By Andrew Chin
In the early 1980s, an unusual legal argument, combining civil rights, antitrust, and contract laws, persuaded a federal court in Texas to disband a private army of white supremacists and safeguard a vulnerable community of Vietnamese refugees.
America's involvement in the Vietnam War had left millions of Vietnam's civilians dead and its land in ruins. A sustained, indiscriminate campaign of bombardment and depopulation led Martin Luther King, Jr. to observe in 1967: "We have destroyed their two most cherished institutions: the family and the village. We have destroyed their land and their crops. . . . We have corrupted their women and children and killed their men." When the United States finally withdrew from Vietnam in 1975, the Hanoi government sought to redress its wartime grievances and to restore order by persecuting its wartime adversaries. Many of the South Vietnamese who had fought alongside the Americans came under pressure to flee to the countryside or to leave the country altogether. In early 1978, the Communists extended their repression to the ethnic Chinese of both North and South Vietnam.
Between 1975 and 1983, thousands of Vietnamese refugees crowded into unseaworthy boats bound for Indonesia, Malaysia, Thailand, Hong Kong and the Phillipines, and faced storms, starvation, disease, and piracy in the South China Sea. Statistical data suggest that half of the Vietnamese "boat people" died at sea. At a June 1979 United Nations conference on the growing humanitarian crisis, the United States, Australia, Canada and France agreed to resettle a total of nearly 700,000 Vietnamese refugees.
In the United States, immigration agents asked Congress to scatter the incoming refugees across the country in order to prevent "ghettoism." This resettlement policy led to the creation of Vietnamese communities in states such as Texas that had relatively little previous experience with Asian Americans. In Texas, many of the new arrivals, facing language barriers and having little capital, found opportunity in the Gulf Coast shrimping industry. "We like the weather, we like the shrimping, we like a chance to start our own businesses," one immigrant explained. Vietnamese fishermen and their families pooled their savings and began to buy their own boats.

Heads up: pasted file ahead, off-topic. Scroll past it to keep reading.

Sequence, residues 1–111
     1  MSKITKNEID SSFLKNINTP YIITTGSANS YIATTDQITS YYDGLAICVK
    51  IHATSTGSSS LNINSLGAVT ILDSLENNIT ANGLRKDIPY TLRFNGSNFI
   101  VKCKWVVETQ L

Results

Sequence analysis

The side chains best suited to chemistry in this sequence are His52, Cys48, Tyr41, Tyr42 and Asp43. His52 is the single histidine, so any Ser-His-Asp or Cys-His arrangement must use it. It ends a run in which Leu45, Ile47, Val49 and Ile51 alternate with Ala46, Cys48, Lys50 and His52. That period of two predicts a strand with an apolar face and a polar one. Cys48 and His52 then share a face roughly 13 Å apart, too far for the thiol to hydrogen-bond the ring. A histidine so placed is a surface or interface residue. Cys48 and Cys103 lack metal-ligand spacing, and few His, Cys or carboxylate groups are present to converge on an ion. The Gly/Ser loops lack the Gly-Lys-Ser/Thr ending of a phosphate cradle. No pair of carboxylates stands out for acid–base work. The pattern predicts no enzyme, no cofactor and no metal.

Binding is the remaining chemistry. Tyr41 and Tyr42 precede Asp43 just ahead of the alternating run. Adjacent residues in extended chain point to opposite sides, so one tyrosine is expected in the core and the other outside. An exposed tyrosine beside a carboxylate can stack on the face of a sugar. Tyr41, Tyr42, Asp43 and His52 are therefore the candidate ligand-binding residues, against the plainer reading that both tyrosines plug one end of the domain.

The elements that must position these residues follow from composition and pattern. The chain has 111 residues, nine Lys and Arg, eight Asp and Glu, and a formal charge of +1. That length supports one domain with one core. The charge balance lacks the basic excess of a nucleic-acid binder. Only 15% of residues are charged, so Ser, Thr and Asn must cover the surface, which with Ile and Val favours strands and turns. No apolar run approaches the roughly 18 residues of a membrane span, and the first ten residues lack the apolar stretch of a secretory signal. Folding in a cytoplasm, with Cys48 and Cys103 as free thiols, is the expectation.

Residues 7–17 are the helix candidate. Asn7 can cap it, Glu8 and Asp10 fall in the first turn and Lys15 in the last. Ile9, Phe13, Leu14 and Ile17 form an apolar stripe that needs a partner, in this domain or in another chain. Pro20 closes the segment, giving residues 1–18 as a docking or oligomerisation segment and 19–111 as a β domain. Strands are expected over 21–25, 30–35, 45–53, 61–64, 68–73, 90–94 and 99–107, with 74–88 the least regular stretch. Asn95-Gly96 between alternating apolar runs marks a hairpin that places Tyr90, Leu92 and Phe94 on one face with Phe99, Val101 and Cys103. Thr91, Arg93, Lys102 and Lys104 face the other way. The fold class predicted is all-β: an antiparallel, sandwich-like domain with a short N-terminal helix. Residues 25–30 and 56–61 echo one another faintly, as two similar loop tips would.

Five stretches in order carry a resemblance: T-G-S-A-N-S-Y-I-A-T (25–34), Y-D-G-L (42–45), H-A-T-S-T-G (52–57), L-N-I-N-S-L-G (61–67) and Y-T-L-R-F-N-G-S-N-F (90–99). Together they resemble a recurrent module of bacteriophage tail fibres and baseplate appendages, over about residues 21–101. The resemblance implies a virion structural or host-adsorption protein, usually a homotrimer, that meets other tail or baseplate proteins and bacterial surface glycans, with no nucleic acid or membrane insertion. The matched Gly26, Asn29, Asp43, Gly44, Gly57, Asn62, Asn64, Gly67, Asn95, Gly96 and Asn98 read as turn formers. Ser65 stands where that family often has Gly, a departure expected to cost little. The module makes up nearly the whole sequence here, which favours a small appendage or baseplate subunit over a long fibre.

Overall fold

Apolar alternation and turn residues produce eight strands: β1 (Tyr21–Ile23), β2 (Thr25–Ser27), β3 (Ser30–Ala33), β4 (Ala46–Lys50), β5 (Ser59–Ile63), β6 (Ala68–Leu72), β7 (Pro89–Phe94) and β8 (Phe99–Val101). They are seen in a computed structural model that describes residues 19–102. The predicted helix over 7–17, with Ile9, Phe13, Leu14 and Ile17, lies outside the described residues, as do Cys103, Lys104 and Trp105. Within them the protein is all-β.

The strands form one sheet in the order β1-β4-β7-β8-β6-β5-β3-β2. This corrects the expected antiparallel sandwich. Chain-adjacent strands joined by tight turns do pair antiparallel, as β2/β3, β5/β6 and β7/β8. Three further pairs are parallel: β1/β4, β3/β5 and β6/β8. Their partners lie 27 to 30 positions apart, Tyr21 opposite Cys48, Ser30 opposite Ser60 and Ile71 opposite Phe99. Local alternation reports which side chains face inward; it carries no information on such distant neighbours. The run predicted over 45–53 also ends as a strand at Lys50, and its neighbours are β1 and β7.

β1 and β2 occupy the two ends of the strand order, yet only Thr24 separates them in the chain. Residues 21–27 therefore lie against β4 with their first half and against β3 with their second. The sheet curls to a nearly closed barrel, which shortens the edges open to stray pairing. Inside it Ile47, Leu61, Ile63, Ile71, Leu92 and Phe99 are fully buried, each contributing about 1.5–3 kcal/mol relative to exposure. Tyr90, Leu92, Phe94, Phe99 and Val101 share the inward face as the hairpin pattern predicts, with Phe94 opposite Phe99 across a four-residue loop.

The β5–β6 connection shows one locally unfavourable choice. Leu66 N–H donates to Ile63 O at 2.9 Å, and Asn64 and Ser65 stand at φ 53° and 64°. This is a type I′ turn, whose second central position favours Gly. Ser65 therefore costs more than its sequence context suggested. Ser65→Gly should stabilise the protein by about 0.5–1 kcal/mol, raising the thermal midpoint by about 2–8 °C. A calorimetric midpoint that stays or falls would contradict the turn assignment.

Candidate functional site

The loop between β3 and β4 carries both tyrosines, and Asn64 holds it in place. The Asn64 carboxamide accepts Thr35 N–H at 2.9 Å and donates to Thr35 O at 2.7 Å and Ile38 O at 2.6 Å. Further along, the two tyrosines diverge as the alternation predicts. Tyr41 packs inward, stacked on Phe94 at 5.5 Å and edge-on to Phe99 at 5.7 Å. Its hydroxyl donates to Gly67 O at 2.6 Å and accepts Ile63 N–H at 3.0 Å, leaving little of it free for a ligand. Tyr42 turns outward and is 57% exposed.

Many white fishermen in the area tried to ward off the competitive threat. Vietnamese shrimpers found that they could purchase their boats only at a considerable premium. "They got hustled pretty good," said an American shrimper. The American fishermen pressured most of the local bait shops to boycott the Vietnamese shrimpers. They also successfully lobbied in the state legislature for restrictions on new shrimp boat licenses.
Undeterred, the Vietnamese fishermen thrived in the shrimping industry by working longer and harder than their white counterparts. "They put all their children and aunts and uncles on the boats, and if they make $10 in profit a day, they're ahead," said another white fisherman. Some whites felt that they were being forced to lower their standard of living to that of the new arrivals. Many presumed, falsely, that their Vietnamese competitors were being subsidized by welfare grants from the government. Others considered the Vietnamese fishermen's aggressive practices, such as following their competitors' boats to a catch, and unloading their boats across other boats' decks, to be unethical and unfair.
The changing economics of shrimping made the competition even fiercer. The increase in fishing activity in Galveston Bay reduced the available catch, while a rise in imports kept wholesale prices low. Faced with this profit squeeze, many longtime shrimpers went out of business. Others tried to compete by streamlining and cutting costs. Some, however, took more drastic measures.
Between 1979 and 1981, several Vietnamese-owned shrimp boats were burned in the Galveston Bay area - fires that arson investigators later determined had been intentionally set. There were also reports of snipers firing shots across the bows of Vietnamese boats. On the night of August 3, 1979, in the town of Seadrift, several Vietnamese boats were burned and a vacant Vietnamese house was firebombed, and a fistfight between white and Vietnamese fishermen ended with the fatal shooting of a white crabber. Two Vietnamese were tried for murder and acquitted on the grounds of self-defense.